Every cell in the human body contains protein. So, it won’t be an exaggeration if we say proteins are the human body’s necessities to function correctly. Protein is essential in your diet to help your body repair cells and make new ones.
But, do you know what these proteins are made of? These proteins are made of the amino acids included in the basic structure of proteins in the form of peptide chains.
We have understood the fundamental relation between amino acids and proteins; now, let’s check out the actual protein synthesis process, where the amino acids come together to form proteins.
What Is Protein Synthesis?
Protein synthesis is a process wherein amino acids form polypeptide chains from their coded combinations inside the cell. The creation of new polypeptide chains requires a coded sequence, enzymes, messenger, ribosomal, and transfer ribonucleic acids (RNAs). Thus, protein synthesis is initiated within the nucleus and ribosomes of a cell and supervised by DNA and RNA.
This process takes place in the cells of all living things as the production of proteins is essential for all organisms in some or the other way. Amino acids combine to form a protein molecule, which is why we need the correct number of amino acids in our body, which can be consumed via your regular diet and the BCAA dietary supplements.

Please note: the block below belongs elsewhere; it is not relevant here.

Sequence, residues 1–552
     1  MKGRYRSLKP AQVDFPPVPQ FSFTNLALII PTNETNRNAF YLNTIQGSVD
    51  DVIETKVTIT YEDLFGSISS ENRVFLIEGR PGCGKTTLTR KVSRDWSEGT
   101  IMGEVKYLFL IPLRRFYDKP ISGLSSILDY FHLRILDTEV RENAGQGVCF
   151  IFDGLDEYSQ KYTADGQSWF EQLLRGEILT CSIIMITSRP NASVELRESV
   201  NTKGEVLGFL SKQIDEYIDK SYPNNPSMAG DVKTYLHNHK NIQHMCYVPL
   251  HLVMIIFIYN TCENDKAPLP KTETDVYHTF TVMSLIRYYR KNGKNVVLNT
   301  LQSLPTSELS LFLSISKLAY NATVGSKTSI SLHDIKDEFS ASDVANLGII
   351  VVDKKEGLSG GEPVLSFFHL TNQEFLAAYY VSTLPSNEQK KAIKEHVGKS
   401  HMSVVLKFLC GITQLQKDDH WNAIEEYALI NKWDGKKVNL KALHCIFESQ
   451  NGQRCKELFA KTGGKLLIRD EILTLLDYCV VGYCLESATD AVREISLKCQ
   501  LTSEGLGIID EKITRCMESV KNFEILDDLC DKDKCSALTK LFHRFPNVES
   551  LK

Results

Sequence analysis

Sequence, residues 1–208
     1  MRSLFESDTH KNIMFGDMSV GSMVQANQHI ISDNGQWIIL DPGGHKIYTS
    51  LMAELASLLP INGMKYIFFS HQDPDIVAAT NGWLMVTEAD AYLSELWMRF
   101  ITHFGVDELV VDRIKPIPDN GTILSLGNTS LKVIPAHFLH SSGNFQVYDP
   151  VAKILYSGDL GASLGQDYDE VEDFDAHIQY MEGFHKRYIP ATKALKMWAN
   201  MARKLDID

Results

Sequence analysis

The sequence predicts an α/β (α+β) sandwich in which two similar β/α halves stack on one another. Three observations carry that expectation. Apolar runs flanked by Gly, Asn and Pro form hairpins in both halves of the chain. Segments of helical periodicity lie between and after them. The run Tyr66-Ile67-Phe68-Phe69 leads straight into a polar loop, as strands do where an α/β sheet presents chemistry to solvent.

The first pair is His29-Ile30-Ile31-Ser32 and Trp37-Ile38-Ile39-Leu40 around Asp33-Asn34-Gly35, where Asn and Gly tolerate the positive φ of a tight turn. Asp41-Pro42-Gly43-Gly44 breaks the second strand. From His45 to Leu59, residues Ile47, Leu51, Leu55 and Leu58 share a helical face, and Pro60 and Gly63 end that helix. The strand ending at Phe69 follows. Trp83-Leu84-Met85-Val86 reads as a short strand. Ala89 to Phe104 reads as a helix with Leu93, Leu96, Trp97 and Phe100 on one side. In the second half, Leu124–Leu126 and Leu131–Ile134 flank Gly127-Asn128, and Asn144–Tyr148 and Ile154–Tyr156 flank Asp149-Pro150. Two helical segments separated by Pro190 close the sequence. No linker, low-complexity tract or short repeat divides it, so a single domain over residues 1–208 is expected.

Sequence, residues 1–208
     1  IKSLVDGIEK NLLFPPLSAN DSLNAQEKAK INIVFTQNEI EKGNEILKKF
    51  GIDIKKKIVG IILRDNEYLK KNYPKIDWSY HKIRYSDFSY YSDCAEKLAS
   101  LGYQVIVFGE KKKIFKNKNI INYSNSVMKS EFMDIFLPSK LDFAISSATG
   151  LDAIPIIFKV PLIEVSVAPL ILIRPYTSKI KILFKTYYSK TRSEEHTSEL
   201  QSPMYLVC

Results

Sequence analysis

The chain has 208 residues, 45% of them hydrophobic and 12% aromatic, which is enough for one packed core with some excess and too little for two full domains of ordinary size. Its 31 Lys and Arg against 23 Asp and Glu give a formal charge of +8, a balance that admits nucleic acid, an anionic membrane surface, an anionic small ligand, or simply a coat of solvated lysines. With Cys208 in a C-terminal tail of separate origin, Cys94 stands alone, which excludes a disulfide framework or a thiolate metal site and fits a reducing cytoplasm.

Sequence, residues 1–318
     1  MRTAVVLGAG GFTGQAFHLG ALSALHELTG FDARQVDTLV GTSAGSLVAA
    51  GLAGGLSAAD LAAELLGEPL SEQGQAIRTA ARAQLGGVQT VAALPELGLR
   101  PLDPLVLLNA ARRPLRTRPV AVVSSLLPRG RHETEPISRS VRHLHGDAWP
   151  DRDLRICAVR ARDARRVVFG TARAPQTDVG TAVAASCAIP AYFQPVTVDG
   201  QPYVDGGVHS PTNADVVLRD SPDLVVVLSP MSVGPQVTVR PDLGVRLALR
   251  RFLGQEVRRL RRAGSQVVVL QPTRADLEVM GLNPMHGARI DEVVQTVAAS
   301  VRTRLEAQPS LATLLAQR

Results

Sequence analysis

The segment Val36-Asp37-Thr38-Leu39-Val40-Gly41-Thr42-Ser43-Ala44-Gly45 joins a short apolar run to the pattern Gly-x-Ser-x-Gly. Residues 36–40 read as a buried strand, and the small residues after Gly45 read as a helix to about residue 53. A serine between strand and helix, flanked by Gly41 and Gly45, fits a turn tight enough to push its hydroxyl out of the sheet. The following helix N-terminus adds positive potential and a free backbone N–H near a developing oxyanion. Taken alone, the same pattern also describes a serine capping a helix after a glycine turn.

What Is the Purpose of Protein Synthesis?
The first and most important purpose of protein synthesis is never to let be a shortage of proteins in the human body. The human body needs proteins for innumerable purposes and vital functions, including muscle repairing, growth and development, and body maintenance.
In addition to this, Ribosomes contain molecules called RNA. These molecules hold all of the ribosomes’ rules to carry out protein synthesis.
So, the DNA repairs would not happen without these proteins, leading to mutations and problems such as cancer. Therefore, the continuous production of proteins is very crucial for human survival.
What Are the Steps Involved in Protein Synthesis?
The complete protein synthesis procedure involves two critical steps, Transcription and Translation.
We will be taking a brief account of both of these processes.
The transcription process is carried out in the nucleus. The method includes DNA as a template to create a molecule of messenger RNA (mRNA), which then, leaving the nucleus moves to a ribosome placed in the cytoplasm, where translation occurs.
In simple language, a DNA sequence is rewritten or coded into a similar RNA “alphabet.”, however, the RNA molecule also must undergo further processing to become a mature messenger RNA.
During translation, the genetic code inscribed in the mRNA is decoded and further used to synthesize a protein. The mRNA sequence is decoded to specify the amino acid sequence of the polypeptide. It’s evident from the name itself that the nucleotide sequence of the mRNA sequence must be translated into a different amino acid sequence.